Friday
Adult Night Fairmont Reo-recation Center
SPECIAL EVENTS
April 24 St. Cajetan School Open House, 2-5 p. m.
April 26Meeting, District 4# West Side Improvement Association at Apostolic Faith Church, 7:30 p m.
April 27Visitation Day, West High School
April 27 School Community Day, Baker Junior High
April 28 Baker Junior High Hullabaloo, 7:30 p. m.
May 2 Wesley Methodist Church rummage sale, 820 W. 8th Avenue
May 4 Meeting, West Side Improvement Association Districts 1, 3, 4, Auraria Community Center, 7:30 p. m.
May 4West P-TA Installation of officers, noon
May 10War on Poverty meeting for people living in Census Tract 18 at Mennonite Youth Center, 430 W. 9th Ave., 7:30 p. m.
May 10War on Poverty meeting for people living in Census Trad 19 at Auraria Community Center, 1178 Mariposa, 7::30 p. m.
May 12War on Poverty meet-for people living in Census Tract 12 at St. Elizabeth's School, 1020 W. 11th Street, 7:3.0 p. m.
May 18St. Joseph Elementary and High School P-TA installation
May 24Election for Westside Action Council
VOLUNTEERS STAFF AND
DISTRIBUTE RECORDER j
The WEST SIDE RECORDER must rely heavily oh vdlunteers in order to survivevolunteers to get the news, to edit the paper, to deliver the paper. It is an impressive feat for the RECORDER to continue this long on the strength Of the voluntary efforts of so many. We begin our third year of publication with the next issue.
One of the chores that must be done if you are to receive your paper is delivery. In this issue we take a bow in the direction of those who get! the paper to you in all kinds of weather. The following peo-1 pie in Census Tract 19, the area | north of West 8th Avenue and west of Kalamath, have taken the responsibility for getting the ; RECORDER to you: - - |
Joseph Gregory Jr.
James Gregory Mrs. Gloria Martinez and family .
Mr. Leslie Kalanquin Mr. and Mrs. Arthur Serum-gard
Auraria Community Center (using Neighborhood Youth Corps workers Kathy Alire and Delores Apodaca)
In the next issue, more of our distributors will be listed. Tf, for some reason, ydu do not get your RECORDER, there are extra copies available at Auraria Community Center, Byers Library, The Hustler Printers, and West Side Improvement Association. The WEST SIDE RECORDER appears monthly, generally on the first Friday after the 15th, and is distributed that weekend.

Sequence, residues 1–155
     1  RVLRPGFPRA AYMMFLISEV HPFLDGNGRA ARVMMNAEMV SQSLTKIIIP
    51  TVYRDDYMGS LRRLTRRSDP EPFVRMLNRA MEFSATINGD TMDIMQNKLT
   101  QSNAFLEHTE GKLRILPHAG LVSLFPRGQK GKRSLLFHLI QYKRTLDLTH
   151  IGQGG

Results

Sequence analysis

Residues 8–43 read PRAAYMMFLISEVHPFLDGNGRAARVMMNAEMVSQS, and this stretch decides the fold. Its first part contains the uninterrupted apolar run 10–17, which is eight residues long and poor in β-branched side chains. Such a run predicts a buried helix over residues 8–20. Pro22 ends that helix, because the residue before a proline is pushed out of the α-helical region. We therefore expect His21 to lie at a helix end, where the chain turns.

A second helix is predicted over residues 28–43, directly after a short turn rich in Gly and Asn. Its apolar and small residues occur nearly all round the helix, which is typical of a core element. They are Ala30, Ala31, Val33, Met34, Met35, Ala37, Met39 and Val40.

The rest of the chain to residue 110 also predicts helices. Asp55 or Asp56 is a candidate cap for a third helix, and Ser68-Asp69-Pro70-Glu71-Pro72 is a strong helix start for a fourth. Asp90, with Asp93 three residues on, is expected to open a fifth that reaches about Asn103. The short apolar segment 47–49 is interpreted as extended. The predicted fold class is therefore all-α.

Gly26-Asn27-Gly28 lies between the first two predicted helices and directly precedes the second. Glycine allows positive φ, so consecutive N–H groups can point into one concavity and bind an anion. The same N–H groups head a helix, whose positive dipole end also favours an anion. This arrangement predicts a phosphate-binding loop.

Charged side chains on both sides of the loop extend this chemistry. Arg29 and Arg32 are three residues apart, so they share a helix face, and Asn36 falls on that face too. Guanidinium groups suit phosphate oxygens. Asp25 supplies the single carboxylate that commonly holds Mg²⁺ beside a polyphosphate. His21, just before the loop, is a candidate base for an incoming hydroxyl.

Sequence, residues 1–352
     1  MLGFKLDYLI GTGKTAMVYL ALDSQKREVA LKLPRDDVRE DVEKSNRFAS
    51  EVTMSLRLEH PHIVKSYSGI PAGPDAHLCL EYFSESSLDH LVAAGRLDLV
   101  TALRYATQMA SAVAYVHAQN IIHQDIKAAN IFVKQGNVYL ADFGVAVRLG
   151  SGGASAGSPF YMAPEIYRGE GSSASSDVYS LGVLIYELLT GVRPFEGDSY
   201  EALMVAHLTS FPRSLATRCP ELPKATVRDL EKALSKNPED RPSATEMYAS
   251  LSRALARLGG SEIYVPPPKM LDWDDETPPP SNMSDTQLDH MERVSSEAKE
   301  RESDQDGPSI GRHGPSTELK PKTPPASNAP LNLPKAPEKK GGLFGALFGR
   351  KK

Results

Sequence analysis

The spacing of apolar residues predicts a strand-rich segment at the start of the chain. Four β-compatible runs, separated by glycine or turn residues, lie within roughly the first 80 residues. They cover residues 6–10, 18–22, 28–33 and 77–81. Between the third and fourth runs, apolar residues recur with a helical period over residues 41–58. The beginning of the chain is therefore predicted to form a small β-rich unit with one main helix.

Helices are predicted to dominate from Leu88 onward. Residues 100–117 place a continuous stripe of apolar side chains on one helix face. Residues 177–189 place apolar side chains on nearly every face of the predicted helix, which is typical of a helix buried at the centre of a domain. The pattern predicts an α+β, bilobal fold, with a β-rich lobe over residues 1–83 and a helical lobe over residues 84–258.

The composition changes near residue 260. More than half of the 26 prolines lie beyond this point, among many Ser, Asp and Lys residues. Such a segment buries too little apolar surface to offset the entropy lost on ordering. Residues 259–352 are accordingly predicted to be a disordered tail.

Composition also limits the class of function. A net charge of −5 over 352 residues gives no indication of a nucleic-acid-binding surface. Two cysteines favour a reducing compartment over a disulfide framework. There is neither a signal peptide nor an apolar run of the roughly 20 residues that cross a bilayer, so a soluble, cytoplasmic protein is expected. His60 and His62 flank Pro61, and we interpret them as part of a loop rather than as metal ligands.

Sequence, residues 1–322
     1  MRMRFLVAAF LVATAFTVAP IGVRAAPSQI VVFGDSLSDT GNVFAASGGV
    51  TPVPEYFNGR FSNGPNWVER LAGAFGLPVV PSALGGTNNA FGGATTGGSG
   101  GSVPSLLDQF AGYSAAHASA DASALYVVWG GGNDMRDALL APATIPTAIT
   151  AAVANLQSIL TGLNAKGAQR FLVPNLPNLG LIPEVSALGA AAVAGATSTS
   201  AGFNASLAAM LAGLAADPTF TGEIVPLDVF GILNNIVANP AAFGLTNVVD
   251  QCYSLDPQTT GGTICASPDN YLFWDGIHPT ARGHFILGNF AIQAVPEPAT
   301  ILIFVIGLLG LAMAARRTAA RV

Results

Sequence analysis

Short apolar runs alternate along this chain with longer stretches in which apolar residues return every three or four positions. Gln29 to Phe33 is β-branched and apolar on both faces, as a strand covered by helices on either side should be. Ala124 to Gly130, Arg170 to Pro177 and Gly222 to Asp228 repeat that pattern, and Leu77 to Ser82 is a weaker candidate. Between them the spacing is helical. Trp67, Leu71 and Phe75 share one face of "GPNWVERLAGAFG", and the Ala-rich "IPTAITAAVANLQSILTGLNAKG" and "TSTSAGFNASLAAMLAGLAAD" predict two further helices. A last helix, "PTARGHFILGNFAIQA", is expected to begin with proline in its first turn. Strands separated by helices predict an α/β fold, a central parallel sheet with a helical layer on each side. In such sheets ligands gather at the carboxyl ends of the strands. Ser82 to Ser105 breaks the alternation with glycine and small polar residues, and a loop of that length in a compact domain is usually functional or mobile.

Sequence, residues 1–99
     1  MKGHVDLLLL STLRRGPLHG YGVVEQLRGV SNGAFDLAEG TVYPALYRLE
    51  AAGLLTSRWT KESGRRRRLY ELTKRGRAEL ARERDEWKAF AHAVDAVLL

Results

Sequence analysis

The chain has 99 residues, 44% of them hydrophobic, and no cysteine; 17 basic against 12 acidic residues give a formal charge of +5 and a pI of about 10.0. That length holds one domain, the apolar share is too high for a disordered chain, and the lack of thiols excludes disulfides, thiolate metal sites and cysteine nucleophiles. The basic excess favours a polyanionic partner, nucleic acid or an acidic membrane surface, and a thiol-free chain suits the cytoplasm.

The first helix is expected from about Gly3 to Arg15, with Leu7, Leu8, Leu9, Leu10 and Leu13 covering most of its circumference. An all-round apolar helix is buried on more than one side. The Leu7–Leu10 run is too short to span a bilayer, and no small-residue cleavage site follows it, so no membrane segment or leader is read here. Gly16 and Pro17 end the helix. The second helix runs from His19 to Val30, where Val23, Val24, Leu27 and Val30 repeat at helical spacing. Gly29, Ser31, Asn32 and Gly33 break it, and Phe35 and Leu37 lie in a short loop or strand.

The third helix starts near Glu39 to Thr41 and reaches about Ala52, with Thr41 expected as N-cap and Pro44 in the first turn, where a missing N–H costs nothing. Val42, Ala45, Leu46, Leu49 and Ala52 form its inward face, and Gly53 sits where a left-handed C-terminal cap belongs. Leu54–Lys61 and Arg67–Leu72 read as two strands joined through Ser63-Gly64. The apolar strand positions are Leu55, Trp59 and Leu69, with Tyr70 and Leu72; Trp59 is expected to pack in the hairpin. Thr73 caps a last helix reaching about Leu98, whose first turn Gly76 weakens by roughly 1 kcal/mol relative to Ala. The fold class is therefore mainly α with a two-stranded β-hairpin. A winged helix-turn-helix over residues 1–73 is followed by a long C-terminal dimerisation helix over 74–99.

Byers Book Reviews
THAT CALLAHAN SPUNK!
By Francis Ames A warm, amusing family story of frontier Montana where the Cowboys from New England decide; to whip this new country down to their size tor grow up to match it.
A NEW YOU By Emily Wilkens Good grooming interests every young girl and this new guide is written in an attractive, positive manner that will inspire fresh efforts for charm and beauty.
BONDED FLEMING By Ian Fleming 007 rides again! A whopper of James Bond stories which you may have missed. THUN-DERBALL, THE SPY WHO LOVED ME and FOR YOUR EYES ONLY are all present within these two covers.
AIRS ABOVE THE GROUND Mary Stewart
The magic /formula of a young woman in distress in an exciting foreign setting is once more employed by Mary Stewart. This time Vanessa March, shocked by the sudden discovery. that her husband has been serving as a secret agent on his so-called business trips to the continent, plunges headlong into his mysterious affairs in Austria. The marvelously-trained horses of the Spanish Riding School in Vienna and an exotic Austrian castle, figure prominently in this tale chock full of suspense.
Foster Homes Provided For Aged
Coordinated Services for the Aging, a new metropolitan-area project, is looking for senior citizens who would like to be placed in foster family homes and for families willing to share their homes with older adults.
The project, started in 1965 under a grant from the U. S. Department of Health, Education and Welfare, began placing older adults in fostei homes in November- Persons over 55 of any faith or culture are eligible for project services. The older adult's room and board are paid for from private or public funds available to him.
Since the needs and interest of each older adult are carefully matched with those oi a fostej family, many potential sponsors and older adults are needed to increase opportunities for good placement. Some older adults for instance, prefer placement in a particular town in the area ox in a home with a particular religious preference.
The idea of foster home care for older persons is based on social work findings that any person, old or young, benefits from family living.
Foster homes are chosen no! for their affluence, but for a warm, cheerful atmosphere.
Many older adults have resorted to institutional or boarding house accommodations, because no other f alternatives were available. Those mentally and physically able and willing to live in a family setting are being encouraged to apply for placement.
Further information on the project can be obtained from Coordinated Services for the Aging, 1620 Meade Street, Denver, Colorado 80204 (telephone 825-2190, extension 270).
KRMA To Give Dog Obedience Programs